EN   ES   FR 
  • 12-Nov-2015 International Business Times As US promotes TPP as a way to improve labor standards, Guatemala shows failed promises of previous trade deals
    When Guatemala joined CAFTA in 2006, proponents of the deal said it would improve conditions for workers. Seven years later, Guatemala was named the most dangerous country for trade unionists. Supporters of the TPP are making many of the same promises.
  • 17-Sep-2015 In These Times Think free-trade deals can raise labor standards? This case suggests otherwise
    The Obama administration promotes the TPP as “the most progressive trade bill in history,” with the highest labor standards yet but similar promises have been trotted out to justify every free-trade agreement from NAFTA on.
  • 2-Sep-2015 Quiebra azucarera a la mexicana
    La reducción de aranceles de azúcar en Colombia pone en riesgo los 188 mil empleos que genera la agroindustria de la caña en 48 municipios y la estabilidad de 350 mil familias paneleras, que se ven afectadas por lo que le suceda al azúcar a lo largo y ancho del territorio nacional
  • 2-Sep-2015 Astro Awani ASEAN govts should consider incentives for flexible employment arrangements
    ASEAN governments should consider giving further incentives for expenses incurred by employers in implementing flexible employment arrangements.
  • 20-Aug-2015 MTUC TPPA compromises M’sian workers
    Government of Malaysia has proposed several amendments be made to the Sabah Labour Ordinance, the Industrial Relations Act and Workers’ Union Act to allow TPPA to materialise but labour groups are opposed to such measures.
  • 14-Jul-2015 Law360 TPP opponent skewers Mexico’s labor standards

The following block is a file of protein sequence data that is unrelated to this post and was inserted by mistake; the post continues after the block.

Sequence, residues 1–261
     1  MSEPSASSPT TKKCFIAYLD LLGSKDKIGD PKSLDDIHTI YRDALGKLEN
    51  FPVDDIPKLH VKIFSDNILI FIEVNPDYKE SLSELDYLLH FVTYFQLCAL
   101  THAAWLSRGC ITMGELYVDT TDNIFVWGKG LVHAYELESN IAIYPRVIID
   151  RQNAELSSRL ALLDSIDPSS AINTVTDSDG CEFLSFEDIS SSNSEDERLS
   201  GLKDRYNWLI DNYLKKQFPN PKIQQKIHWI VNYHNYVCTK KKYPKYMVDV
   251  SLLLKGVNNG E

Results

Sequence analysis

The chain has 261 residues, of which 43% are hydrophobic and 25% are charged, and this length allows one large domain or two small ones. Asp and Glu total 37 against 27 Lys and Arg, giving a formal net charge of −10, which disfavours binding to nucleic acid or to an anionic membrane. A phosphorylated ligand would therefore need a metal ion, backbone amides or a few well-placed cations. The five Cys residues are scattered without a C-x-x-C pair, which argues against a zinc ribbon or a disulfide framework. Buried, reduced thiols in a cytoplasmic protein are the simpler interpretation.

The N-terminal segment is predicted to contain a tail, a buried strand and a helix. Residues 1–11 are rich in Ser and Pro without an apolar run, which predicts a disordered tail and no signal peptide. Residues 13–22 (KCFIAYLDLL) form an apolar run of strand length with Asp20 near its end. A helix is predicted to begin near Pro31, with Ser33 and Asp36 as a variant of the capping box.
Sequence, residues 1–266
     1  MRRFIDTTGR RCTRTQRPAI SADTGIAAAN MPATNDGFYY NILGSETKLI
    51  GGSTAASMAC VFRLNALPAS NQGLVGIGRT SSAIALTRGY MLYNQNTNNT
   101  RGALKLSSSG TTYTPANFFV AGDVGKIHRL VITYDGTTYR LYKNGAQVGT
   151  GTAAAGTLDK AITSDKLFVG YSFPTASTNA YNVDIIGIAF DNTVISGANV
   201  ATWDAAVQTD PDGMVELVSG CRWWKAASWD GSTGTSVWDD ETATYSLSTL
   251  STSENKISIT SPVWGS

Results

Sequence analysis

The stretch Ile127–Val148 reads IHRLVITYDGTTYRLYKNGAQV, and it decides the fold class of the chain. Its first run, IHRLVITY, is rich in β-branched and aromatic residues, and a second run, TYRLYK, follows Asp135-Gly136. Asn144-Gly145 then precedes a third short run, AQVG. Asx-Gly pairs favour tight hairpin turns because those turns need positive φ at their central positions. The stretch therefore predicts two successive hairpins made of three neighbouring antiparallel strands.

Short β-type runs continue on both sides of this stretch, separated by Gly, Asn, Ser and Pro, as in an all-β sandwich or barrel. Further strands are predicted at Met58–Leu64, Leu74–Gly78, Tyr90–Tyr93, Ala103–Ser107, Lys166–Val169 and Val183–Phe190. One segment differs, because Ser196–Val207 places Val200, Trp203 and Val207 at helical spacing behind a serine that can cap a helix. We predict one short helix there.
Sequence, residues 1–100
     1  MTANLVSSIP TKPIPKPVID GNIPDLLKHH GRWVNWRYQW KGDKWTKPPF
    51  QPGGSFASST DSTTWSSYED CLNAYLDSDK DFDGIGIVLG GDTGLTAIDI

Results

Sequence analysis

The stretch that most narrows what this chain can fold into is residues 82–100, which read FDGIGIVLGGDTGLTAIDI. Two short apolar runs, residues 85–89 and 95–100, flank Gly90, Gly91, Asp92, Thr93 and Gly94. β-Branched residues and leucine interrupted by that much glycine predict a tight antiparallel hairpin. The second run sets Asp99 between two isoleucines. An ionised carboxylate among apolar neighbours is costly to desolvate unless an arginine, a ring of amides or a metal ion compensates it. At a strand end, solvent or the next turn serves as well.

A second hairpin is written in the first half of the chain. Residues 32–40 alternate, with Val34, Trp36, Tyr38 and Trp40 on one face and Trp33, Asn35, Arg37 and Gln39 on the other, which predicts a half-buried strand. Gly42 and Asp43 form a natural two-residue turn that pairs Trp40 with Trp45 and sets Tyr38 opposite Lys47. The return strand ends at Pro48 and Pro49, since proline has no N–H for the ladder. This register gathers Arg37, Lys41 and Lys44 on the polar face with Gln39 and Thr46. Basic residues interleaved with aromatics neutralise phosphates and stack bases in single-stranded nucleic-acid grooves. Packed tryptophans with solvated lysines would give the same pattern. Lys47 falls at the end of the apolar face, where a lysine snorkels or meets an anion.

The top Democrat on the House Ways and Means Committee called on the Obama administration on Friday to use the Trans-Pacific Partnership accord as an engine for improving Mexico’s labor regime, which he said has been in persistent decline since the enactment of the North American Free Trade Agreement.
  • 7-Jul-2015 Left Foot Forward Obama seeks to fast track TTIP
    Unions such as Unite and the United Steelworkers in the US and Canada have warned that their hard fought for and cherished social, employment rights and sectoral collective bargaining system may be undermined by new trade deals.
  • 17-Jun-2015 Service Employees International Union Trans-Pacific Partnership trade proposal threatens SEIU members
    The reality is that TPP would expand the power of multinational corporations while limiting the ability of the US government to protect workers, communities and the environment.
  • 24-Apr-2015 EurActiv TUC’s Owen Tudor: ’We are totally opposed to TTIP’
    Shrouded with secrecy and posing a threat to public services, Owen Tudor tells EurActiv why the UK Trade Union Congress doesn’t believe the hype over TTIP, and why exploitation, rather than immigration, should be the cause of people’s concerns.
  • 9-Feb-2015 La Libre Nous n’avons pas besoin du TTIP!
    Les responsables des deux principaux syndicats belges francophones expriment de nettes réserves à l’égard du Partenariat Transatlantique de Commerce et d’Investissement.
  • 0 | 10 | 20 | 30 | 40 | 50 | 60 | 70 | 80 | ... | 110